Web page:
With the proper gear, camping out under late winter’s blustery skies can be done in style and comfort.
Is camping during late winter/early spring better than summer? Some think so. With the right gear and a few warming tips, even newbies can learn the basics and enjoy the rewards of an off season campsite. Whether you’re setting up near the car, packing a snowmobile, mushing reindeer, or hauling gear with good ol’ human power, pack well to withstand chilly temperatures and stay dry, so you can forgo any cold-weather whining.
Our recommended gear list will keep you in check through the seasons, through rain, wind, sleet and snow. Even if you missed REI and end-of-summer sales, you can still find deals from local retailers and online wholesalers. Take our advice, and your camping trip may consist of more than shoveling snow.
Shelter is at the top of the list, and unless you plan to wait out the night in a snow cave laden with evergreen branches, your choice in a tent can make or break a trip. Go for a four-season tent for warmth and safety. Guides and pros have long trusted the North Face Mountain 25, and at a moderate price for a tent ($580), this 2-person option is nicely liveable. Double-wall tents are popular for winter, but they weigh more, so choose wisely. We also have a crush on the Hilleberg Nammatj high-altitude tent that pitches easily and is great for all locations. At $765, this 2-person tent is pricier but is lightweight and handles extreme weather conditions.
Most of us don’t totally unplug, even in the wild. Thus, portable solar-power options are your solution. For shorter trips, you may be able to do with a battery pack, but for longer hauls, a solar charger may be worth the extra weight. The Goal Zero (locally owned) Venture 30 solar kit ($170) is a rugged and well-made solar panel that will keep you charged. We also like BioLite Solar Panel 5 ($60). Its slim design weighs in at 12 ounces and has a 360-degree kickstand to capture rays wherever you like. It’s best to fully charge them before you leave, just in case. Cloud cover be damned, ain’t nothing going to stop us now! And you can catch a little solar power and some Vitamin D.
Function & Style
You can still enjoy style while utilizing effective layering and the right jacket. The essentials: A base layer, an insulating layer, a waterproof shell, a puffy jacket. With a combination of smart wool, fleece, Gore-Tex and down, you’ll laugh in the face of winter. But no cotton, no jeans and always sweat-wicking technology.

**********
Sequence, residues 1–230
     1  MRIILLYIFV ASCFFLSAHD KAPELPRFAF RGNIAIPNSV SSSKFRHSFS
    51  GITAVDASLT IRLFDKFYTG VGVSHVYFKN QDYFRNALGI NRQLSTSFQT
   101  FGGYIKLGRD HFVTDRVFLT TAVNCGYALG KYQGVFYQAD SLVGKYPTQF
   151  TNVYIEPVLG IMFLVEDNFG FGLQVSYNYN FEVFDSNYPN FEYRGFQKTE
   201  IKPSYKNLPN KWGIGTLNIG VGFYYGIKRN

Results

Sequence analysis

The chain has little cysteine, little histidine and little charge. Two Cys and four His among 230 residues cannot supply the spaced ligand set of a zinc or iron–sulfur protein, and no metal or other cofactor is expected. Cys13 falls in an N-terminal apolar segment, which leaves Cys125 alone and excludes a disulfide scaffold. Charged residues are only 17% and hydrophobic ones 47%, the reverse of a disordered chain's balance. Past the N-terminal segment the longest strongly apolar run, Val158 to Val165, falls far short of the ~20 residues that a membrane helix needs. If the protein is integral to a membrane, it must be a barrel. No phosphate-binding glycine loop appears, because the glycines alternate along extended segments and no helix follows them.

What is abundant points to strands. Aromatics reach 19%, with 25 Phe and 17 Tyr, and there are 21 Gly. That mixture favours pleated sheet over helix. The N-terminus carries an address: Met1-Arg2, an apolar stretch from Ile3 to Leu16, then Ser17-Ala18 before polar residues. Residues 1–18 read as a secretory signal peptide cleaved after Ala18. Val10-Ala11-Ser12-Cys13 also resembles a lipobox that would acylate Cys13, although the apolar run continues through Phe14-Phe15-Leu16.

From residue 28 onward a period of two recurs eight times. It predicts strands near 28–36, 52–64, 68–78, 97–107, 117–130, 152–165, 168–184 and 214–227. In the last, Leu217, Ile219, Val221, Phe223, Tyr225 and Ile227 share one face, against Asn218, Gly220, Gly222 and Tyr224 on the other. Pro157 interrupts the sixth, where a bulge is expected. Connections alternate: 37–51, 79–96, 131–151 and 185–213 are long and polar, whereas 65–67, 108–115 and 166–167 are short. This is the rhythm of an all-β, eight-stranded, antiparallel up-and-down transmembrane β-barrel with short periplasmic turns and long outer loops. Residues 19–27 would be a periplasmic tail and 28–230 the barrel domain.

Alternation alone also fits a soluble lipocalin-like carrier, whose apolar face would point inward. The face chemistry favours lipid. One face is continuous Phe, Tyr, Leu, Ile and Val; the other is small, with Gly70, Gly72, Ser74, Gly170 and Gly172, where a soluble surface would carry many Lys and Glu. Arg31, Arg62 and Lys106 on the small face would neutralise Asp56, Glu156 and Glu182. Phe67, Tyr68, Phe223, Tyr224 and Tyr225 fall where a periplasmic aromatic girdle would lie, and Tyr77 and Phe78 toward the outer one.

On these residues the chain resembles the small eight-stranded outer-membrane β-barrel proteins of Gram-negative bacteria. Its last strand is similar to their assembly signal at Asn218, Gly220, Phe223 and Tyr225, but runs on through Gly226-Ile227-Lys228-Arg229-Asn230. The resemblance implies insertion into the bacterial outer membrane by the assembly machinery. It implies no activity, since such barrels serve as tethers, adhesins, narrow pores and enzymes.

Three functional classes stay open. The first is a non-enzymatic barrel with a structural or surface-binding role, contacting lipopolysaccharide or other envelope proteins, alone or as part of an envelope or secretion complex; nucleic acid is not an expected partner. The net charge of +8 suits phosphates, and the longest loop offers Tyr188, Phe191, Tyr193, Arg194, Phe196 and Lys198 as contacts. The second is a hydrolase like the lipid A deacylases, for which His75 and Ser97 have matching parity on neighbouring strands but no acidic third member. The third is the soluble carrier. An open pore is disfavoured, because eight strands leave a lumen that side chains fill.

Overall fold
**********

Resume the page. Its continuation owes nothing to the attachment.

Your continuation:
Canadian goose down is a plush choice for winter-specific jackets, and the Kensington Parka ($995) is top-drawer. For something more moderately priced, check out the Rab Neutrino Endurance Jacket ($375) with yummy goose-down insulation. We could do a whole review on down, insulated, soft-shell and hard-shell tested-tough jackets, including those for the winter intolerant that use rechargeable lithium ion batteries. But that’s just the start. You’ll also need, insulated, waterproof mountaineering boots like North Face Snowsquall ($130) and Western Mountaineering Down Booties ($100) Tip: fleece-lined waterproof socks are heaven!
While cold-weather camping keeps away the bugs and most other campers, it also makes it a challenge to find firewood for your cookstove or campfire. Alternatives like BioLite BioFuel pellets ($20) paired with the BioLite CampStove ($130) can truly make happy campers. The BioLite not only creates a smokeless fire for cooking meals and boiling water, it generates electricity so you can charge LED lights, mobile phones and other devices. Weighing 2.06 pounds, the BioLite has a tripod base, USB port and a flex-light side lamp.
If you’re not going for the traditional campfire that requires cutting wood above the snow line (a lot of work), you could opt for the folding FireBox Stove with a grill kit ($80). It’s an easy-to-assemble cook stove able to use wood, charcoal and other fuels.
Another option is to bring along your own bearded mountain man.
Bedding is key! Choosing the right sleeping bag and pad to create ground separation will help retain your precious body heat. Not into Bear Grylls dirt beds? We recommend a sleeping bag rated to at least 10 degrees below the expected outdoor lows—especially if you are a “cold sleeper.” Try the Big Agnes Storm King ($380) down to zero degrees and 650-fill duck down. We like a bag with a little space, and this one has it. Being mummified is not on our list.
We also recommend the Marmot Trestles Bag with a solid synthetic fill ($112).
Next up is your sleeping pad. You’ll want one with heat-reflective material. Tip: Sleeping-bag ratings are made with the expectation that you will be using a sleeping pad. Retain heat with a pad that boasts a higher R value rating (measurement of material’s thermal resistance) Recommended: A self-inflating pad. You’ll thank us. Try the Therma Rest Pro Lite ($60) or the Therma Rest Ridge Rest ($20).
Our dream list shown here is just the tip of the proverbial iceberg. Space allowing, keep a supply of batteries (lithium is better in cold), gloves, hats, hand warmers, headlamps and outer shells. Also, consider extra eye protection from wind, cold and snow glare.
Camping weather in late winter/early spring is unpredictable. Being prepared means that your cool-weather outing won’t become a MacGyver-esque survival feat. Keep the warm beverages coming, stay hydrated and pack plenty of food.
Then, let sit back, warm as toast, taking in your frozen wonderland, listen to the silence and gaze upon the panorama of endless stars.